Happy homecoming: Crater's Bittle signs with Oregon
CENTRAL POINT — Nate Bittle stuffed his 7-foot frame into a car and drove 5 1/2 hours Friday, returning to his hometown in Southern Oregon to fulfill a longstanding dream.
On Saturday, it was all worth it — for Bittle and those on hand for an invitation-only ceremony at Crater High School that saw the nation’s No. 8 men’s basketball recruit in the Class of 2021 officially sign his letter of intent to play next season for the University of Oregon.
“It was really important,” Bittle said of returning to Central Point for his signing, “because this is where I grew up, this is where I was made and this is where I became the player I am today. This is a place I love. I’m always going to be coming back here, no matter what happens.”
Nine days earlier, Bittle could be found providing a game-winning tip-in at the buzzer for Prolific Prep in an elite basketball tournament in Phoenix, Arizona.
Due to the COVID-19 pandemic and concerns for his ability to play basketball as expected here in Oregon, the Bittle family made the difficult decision to transfer the star recruit to the college-preparatory basketball academy in Napa, California, for his senior season in August.
“Having everyone’s support in Southern Oregon is so crazy,” said Bittle, who was set to return to California today. “I appreciate everything everyone’s done for me, it means a lot.”
Bittle was the Class 5A state player of the year at Crater for the 2019-20 season — interrupted with the Comets in the state semifinals due to coronavirus precautions — after averaging 25.6 points, 11.3 rebounds, 4.5 blocks, 2.4 assists and 1.2 steals. The all-state standout was a force in all three seasons he played at Crater, and the school didn’t want to see him not be appreciated for that.
“This is a pretty special day for Nate and regardless of where he’s playing basketball now, it’s a special day for Crater High School,” said Crater athletic director David Heard in addressing the maximum 50 people allowed, per state regulations, at the ceremony. “Nate will always be a Comet in my mind.”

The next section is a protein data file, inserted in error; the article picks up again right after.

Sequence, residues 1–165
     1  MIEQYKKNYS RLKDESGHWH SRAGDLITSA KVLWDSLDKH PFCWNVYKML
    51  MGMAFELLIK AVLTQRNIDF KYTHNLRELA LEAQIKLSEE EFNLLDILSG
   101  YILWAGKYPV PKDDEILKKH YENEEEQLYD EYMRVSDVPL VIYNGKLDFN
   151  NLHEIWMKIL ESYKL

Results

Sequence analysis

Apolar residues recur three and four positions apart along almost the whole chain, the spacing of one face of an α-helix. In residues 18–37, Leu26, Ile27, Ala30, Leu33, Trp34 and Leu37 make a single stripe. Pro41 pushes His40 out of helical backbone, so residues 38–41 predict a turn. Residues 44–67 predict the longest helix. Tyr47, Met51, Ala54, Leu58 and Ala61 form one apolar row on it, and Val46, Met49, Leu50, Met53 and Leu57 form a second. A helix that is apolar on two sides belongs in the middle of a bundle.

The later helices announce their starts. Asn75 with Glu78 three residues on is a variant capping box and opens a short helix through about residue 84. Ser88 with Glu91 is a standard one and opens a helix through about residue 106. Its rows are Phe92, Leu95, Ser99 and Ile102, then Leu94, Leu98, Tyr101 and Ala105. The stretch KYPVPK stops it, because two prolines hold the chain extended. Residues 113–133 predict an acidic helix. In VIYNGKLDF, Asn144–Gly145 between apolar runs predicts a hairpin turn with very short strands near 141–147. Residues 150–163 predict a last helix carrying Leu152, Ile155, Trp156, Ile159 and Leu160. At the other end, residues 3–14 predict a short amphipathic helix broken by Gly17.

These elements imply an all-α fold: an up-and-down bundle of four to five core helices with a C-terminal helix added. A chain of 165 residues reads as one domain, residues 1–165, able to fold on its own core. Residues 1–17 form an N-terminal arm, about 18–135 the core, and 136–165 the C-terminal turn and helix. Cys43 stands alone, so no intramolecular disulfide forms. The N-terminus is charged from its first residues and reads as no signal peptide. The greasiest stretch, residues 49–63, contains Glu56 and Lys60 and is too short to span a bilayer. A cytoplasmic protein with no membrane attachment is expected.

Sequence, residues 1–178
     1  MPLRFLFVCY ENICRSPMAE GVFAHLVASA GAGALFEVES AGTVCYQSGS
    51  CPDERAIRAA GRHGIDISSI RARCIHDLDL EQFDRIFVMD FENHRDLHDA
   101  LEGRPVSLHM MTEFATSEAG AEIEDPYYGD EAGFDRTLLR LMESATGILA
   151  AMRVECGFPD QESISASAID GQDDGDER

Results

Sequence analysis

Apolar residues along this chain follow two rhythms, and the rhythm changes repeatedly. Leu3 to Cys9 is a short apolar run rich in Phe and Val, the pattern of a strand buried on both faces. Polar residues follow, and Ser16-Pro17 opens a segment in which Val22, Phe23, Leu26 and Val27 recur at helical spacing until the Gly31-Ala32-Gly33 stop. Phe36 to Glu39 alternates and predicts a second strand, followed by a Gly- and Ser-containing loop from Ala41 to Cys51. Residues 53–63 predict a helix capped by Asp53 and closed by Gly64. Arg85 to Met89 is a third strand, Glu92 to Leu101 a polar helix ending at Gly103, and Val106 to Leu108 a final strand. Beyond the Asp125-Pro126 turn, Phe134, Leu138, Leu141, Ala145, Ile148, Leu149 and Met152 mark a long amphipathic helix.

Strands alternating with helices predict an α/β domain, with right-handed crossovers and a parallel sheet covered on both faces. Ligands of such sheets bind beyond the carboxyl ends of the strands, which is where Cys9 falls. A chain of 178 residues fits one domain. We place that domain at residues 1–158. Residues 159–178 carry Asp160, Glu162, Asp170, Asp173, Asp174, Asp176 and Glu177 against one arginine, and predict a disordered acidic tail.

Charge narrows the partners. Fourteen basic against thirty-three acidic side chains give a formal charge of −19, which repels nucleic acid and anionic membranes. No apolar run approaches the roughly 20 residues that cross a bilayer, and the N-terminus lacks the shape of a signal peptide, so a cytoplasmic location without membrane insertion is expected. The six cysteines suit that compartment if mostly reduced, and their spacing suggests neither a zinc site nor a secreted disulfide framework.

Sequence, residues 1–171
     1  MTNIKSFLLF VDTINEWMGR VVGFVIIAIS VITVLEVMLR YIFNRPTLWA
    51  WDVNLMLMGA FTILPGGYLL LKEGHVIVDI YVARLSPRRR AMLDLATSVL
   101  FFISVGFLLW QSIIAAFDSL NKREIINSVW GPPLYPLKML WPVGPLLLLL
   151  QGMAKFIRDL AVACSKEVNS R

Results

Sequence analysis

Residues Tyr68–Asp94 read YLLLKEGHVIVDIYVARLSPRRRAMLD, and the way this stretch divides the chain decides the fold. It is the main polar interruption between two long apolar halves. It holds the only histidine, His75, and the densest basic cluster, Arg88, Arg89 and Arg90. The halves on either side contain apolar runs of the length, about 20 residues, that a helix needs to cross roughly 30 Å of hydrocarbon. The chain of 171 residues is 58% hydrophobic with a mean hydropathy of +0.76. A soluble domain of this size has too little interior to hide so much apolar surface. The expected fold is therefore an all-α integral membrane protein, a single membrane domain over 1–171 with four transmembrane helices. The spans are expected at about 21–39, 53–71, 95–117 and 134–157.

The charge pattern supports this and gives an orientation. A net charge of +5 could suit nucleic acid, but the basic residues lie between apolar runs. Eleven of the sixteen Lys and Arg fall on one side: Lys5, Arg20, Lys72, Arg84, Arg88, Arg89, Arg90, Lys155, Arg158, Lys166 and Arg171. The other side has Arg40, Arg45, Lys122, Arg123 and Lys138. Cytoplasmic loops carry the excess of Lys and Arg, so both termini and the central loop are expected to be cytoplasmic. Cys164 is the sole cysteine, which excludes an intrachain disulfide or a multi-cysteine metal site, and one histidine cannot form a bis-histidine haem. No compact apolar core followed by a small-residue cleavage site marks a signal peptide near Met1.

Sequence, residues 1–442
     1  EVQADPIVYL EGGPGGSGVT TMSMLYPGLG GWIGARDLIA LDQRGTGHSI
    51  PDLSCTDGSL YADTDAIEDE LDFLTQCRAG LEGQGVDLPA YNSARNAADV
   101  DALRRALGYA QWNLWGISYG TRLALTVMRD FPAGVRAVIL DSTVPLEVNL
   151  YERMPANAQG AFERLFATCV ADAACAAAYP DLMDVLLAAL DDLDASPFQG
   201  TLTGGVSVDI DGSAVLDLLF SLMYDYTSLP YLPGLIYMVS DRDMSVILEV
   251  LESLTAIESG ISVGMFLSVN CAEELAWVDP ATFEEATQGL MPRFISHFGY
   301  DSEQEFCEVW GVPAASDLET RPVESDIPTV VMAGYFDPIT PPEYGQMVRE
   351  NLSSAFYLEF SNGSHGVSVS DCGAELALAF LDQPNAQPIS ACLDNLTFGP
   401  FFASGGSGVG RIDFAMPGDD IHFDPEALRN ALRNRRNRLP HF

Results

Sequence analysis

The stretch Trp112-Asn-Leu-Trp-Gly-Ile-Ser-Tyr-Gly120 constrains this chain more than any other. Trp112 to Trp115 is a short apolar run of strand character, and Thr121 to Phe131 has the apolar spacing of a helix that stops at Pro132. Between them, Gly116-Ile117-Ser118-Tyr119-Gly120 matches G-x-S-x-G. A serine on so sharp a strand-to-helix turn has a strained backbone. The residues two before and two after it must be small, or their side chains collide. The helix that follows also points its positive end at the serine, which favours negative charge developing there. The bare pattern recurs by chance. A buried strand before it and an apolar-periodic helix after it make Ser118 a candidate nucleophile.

Heard said Bittle is currently taking online classes at Crater and will graduate with his class in 2021.
That sentiment echoed throughout the gym Saturday, with Crater boys basketball coach Chris Schmerbach noting how special it was to see Bittle return home for his signing.
“He didn’t have to do this, to come back to Crater and sign at his school,” said Schmerbach. “That’s pretty cool and says a lot about Nate and his family, and what he means to Crater and to our program and what he means to our community. To be able to come back and sign here at midcourt, it’s just amazing and means a lot to the people who are here today in this room.”
“It’s definitely a championship moment, I would say, for me,” the coach added in addressing Saturday’s gathering. “We didn’t get to play for the state title, but this is as close as it comes to it. For me this is a championship.”
Flanked by parents Ryan and Susanne, sister Kendra and brother Kyle, Bittle found Saturday’s moment somewhat surreal.
“It’s pretty crazy realizing in eighth grade I wanted to play college basketball,” he said. “Oregon was always a dream school and just making that accomplishment in life and being able to go there and play for the coach I want to play for, the program and a great school is just an awesome experience.”
Bittle is the highest-rated boys basketball player to come out of Southern Oregon since South Medford High’s Kyle Singler chose Duke as the No. 4 recruit in the nation for the Class of 2007.